Climate-change adaptation models help farmers escape poverty hinh anh 1Farmers in Chau Thanh district, Tra Vinh province, have switched from planting rice to growing chili peppers, increasing their profits fourfold. (Source: VNA)

Tra Vinh (VNS/VNA) — Many farmers in the Mekong Delta province of Tra Vinh have escaped poverty by adapting to climate change and shifting from rice to maize or peanut cultivation as well as the breeding of goats and aquatic species.

Farmers in the last five years have converted about 18,000ha of ineffective rice fields in the province to other crops, and have also been breeding aquatic species and animals.

The converted areas offer 1.5-3 times more profit than rice, according to the province’s Department of Agriculture and Rural Development.

Since 2017, 10 farmers in a cooperative team, for example, have been breeding blood cockles on a 0.6ha alluvial ground in Duyen Hai district’s Long Khanh commune.

The team invested 170 million VND (7,300 USD), including 120 million VND from the Project for Adaptation to Climate Change in Tra Vinh to buy blood cockle seeds, nets and stakes.

Blood cockles breed for eight months and the harvest season lasts about two months.

Each team member makes a profit of 8 million VND from selling the cockles in each harvest. Members are also paid 100,000-150,000 VND each a day for preparing the breeding area, harvesting blood cockles or grading blood cockles.

Nguyen Thi Nguyet Nga, head of the team, said that five of the 10 members once belonged to poor and near-poor households but were able to escape poverty after harvesting two crops.

Located between the Co Chien and Hau rivers with a 65 km coastline, Tra Vinh is often affected by saltwater intrusion, rising sea levels and erosion.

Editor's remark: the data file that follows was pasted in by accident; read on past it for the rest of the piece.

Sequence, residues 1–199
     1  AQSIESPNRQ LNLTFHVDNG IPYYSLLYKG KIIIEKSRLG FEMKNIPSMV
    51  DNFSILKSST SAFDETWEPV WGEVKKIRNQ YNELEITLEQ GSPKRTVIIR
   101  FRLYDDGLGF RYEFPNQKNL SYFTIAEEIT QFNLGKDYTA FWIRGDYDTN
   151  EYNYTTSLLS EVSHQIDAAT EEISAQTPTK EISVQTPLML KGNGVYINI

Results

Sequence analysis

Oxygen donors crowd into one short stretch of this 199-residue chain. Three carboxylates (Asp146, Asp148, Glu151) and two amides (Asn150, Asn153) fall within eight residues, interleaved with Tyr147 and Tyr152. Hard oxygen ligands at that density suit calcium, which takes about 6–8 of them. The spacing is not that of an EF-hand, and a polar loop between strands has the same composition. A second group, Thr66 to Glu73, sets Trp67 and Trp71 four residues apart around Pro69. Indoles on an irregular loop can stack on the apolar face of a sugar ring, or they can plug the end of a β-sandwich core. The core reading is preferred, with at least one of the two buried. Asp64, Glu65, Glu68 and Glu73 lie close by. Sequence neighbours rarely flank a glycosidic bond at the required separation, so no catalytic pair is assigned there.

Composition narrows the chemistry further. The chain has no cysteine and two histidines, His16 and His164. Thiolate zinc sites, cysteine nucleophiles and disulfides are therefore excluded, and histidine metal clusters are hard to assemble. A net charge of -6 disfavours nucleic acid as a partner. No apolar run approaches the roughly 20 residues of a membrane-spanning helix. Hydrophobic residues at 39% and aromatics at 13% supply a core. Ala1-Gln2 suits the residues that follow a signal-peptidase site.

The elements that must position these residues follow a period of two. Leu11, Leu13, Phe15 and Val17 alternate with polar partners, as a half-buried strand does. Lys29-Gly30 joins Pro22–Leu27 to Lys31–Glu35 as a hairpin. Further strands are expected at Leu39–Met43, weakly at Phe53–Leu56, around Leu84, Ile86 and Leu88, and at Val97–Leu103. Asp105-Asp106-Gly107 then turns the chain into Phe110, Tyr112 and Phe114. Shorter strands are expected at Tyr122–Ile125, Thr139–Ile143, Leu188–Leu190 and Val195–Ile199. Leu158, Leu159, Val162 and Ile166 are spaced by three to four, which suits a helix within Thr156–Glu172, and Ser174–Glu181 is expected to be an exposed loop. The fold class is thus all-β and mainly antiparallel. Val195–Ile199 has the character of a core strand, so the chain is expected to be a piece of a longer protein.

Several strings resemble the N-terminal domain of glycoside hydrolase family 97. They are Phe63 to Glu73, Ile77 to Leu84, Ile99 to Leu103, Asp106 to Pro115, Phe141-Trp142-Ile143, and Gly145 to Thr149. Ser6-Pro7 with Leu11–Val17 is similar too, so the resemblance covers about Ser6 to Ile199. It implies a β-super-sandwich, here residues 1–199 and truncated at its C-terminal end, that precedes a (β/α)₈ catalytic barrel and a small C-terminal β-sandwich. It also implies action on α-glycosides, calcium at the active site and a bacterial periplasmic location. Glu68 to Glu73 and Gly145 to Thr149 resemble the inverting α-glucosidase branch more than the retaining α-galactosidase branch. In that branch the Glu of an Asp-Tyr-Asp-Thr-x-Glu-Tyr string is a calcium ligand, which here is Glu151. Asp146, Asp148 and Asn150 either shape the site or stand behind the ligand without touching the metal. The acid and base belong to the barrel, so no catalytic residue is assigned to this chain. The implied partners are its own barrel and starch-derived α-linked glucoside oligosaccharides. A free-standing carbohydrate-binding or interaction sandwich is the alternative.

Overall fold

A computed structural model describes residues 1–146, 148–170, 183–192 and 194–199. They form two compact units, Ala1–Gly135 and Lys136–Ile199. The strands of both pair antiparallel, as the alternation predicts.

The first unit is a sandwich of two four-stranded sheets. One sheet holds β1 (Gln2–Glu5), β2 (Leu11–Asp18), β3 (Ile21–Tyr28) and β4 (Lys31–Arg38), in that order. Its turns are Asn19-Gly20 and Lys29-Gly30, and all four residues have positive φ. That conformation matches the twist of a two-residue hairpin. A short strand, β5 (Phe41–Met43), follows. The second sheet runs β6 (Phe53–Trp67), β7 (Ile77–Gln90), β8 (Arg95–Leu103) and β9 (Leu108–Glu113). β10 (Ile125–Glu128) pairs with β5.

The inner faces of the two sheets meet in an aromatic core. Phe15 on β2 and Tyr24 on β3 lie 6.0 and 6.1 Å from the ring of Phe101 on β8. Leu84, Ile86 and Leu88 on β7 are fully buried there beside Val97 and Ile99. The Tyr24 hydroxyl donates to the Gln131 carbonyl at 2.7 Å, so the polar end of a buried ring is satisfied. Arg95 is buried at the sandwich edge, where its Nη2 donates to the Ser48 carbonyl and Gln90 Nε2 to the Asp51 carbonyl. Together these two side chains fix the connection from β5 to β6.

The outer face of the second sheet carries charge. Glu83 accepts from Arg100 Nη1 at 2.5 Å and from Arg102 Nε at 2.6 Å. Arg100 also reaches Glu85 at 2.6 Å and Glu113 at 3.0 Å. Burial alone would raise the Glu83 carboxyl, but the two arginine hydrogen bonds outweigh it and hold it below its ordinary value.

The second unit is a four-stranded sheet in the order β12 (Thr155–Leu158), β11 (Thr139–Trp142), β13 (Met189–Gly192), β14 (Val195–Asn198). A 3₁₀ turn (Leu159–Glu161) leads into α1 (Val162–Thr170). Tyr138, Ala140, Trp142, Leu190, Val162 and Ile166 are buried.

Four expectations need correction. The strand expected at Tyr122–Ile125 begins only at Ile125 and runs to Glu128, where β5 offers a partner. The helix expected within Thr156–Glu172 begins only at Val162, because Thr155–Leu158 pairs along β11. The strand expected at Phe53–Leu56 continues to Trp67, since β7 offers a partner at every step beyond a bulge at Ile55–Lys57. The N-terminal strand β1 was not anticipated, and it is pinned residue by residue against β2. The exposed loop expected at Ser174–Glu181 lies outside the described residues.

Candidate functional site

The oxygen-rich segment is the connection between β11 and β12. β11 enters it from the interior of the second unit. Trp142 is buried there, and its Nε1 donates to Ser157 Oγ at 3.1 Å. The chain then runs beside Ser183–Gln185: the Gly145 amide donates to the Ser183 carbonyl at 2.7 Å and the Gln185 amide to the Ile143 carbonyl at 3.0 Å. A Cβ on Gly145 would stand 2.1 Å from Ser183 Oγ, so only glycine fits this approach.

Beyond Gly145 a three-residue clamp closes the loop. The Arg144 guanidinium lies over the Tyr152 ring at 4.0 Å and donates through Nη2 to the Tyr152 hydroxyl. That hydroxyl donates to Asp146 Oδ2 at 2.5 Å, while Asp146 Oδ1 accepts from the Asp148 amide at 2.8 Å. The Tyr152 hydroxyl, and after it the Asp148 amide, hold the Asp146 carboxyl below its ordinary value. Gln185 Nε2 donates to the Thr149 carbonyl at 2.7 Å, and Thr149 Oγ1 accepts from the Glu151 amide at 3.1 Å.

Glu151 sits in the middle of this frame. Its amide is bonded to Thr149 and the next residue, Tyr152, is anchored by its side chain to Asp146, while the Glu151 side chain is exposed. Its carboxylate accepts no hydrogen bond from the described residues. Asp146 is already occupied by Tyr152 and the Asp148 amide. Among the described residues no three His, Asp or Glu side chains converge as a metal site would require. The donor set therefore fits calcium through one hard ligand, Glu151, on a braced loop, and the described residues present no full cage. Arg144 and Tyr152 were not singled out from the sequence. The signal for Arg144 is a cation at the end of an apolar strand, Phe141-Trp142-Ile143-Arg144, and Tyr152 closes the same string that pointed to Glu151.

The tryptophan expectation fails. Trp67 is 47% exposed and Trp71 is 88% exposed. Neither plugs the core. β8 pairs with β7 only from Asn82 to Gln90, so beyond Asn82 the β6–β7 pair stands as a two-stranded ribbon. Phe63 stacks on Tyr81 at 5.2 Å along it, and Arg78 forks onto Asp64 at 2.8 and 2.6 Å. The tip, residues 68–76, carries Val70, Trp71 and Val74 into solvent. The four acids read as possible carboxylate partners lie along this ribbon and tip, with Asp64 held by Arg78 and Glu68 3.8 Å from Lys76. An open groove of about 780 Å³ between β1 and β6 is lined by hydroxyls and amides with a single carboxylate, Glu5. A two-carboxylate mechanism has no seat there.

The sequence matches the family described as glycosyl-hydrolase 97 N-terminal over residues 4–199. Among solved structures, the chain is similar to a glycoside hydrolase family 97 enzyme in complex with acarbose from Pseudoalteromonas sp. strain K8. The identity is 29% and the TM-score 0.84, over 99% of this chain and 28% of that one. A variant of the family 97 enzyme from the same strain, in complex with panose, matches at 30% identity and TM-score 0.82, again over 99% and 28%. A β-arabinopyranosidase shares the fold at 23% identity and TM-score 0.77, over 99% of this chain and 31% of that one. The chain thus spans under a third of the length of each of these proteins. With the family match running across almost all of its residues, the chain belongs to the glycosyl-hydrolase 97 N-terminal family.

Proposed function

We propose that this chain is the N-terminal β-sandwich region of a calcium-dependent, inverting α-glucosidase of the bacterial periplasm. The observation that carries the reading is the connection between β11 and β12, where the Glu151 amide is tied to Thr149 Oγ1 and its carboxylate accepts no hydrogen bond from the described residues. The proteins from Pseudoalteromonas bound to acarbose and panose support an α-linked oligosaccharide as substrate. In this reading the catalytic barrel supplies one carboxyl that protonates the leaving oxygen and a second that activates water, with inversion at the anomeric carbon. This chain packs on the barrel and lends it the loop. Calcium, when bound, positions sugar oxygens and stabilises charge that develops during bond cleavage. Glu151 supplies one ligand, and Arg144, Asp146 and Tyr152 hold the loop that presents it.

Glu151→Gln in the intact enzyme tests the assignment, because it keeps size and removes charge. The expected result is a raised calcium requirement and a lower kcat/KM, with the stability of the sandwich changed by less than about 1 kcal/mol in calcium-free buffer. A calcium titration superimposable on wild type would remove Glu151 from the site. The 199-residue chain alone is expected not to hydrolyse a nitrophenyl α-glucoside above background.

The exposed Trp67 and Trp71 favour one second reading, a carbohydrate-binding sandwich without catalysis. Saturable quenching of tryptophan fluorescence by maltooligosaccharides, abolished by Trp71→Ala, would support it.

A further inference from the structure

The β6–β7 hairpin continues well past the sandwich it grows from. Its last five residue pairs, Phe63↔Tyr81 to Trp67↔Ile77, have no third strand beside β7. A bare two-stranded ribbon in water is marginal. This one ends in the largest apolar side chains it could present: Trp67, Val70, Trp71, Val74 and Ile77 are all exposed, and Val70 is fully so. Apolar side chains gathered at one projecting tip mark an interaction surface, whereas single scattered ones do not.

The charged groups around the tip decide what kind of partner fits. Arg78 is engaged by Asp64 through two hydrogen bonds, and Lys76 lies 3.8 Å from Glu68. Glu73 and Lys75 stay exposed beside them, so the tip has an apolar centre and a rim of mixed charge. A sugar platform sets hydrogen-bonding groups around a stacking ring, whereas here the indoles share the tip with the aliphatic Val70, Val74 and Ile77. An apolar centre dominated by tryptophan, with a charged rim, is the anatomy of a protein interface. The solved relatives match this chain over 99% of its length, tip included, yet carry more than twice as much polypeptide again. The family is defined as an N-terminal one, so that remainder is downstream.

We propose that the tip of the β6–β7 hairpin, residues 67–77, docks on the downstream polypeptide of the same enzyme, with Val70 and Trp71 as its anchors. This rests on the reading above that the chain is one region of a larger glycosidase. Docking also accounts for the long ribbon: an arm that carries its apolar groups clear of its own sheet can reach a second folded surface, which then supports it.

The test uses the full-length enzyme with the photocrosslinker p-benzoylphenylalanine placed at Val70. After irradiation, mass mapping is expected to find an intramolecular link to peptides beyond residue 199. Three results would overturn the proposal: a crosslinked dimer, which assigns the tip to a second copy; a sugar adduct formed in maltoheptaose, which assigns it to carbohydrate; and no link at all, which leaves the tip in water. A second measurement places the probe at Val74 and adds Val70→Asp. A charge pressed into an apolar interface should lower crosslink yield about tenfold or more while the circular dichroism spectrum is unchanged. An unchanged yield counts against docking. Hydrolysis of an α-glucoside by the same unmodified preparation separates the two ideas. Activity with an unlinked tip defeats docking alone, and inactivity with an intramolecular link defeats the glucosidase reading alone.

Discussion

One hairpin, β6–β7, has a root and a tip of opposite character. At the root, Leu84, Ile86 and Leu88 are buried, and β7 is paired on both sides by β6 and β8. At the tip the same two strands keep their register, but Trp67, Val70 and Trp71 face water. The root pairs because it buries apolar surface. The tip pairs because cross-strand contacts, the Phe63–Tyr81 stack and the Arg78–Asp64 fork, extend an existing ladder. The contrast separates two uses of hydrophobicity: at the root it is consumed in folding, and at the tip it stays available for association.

The province has more than 186,000ha of farmland, accounting for 79 percent of its total land area.

More than 90 percent of the province’s land is affected by saltwater intrusion between December and June in the dry season.

Pham Minh Truyen, director of the province’s Department of Agriculture and Rural Development, said that farmers were adapting to climate change by shifting from rice to other crops and breeding animals or aquatic species.

The province has encouraged them to sign contracts with companies to guarantee outlets for their products, establish large-scale rice fields, and apply good agricultural practices (GAP) standards in agriculture, aquaculture and forestry production.

The province’s Co-operative Alliance has also urged members to build brand names for their products, and has provided them with management training.

The province has 119 agricultural co-operatives, accounting for 67 percent of its total cooperatives.

To mitigate the impact of climate change, the province has built embankments and sluice gates, and has dredged irrigation canals to store freshwater.-VNS/VNA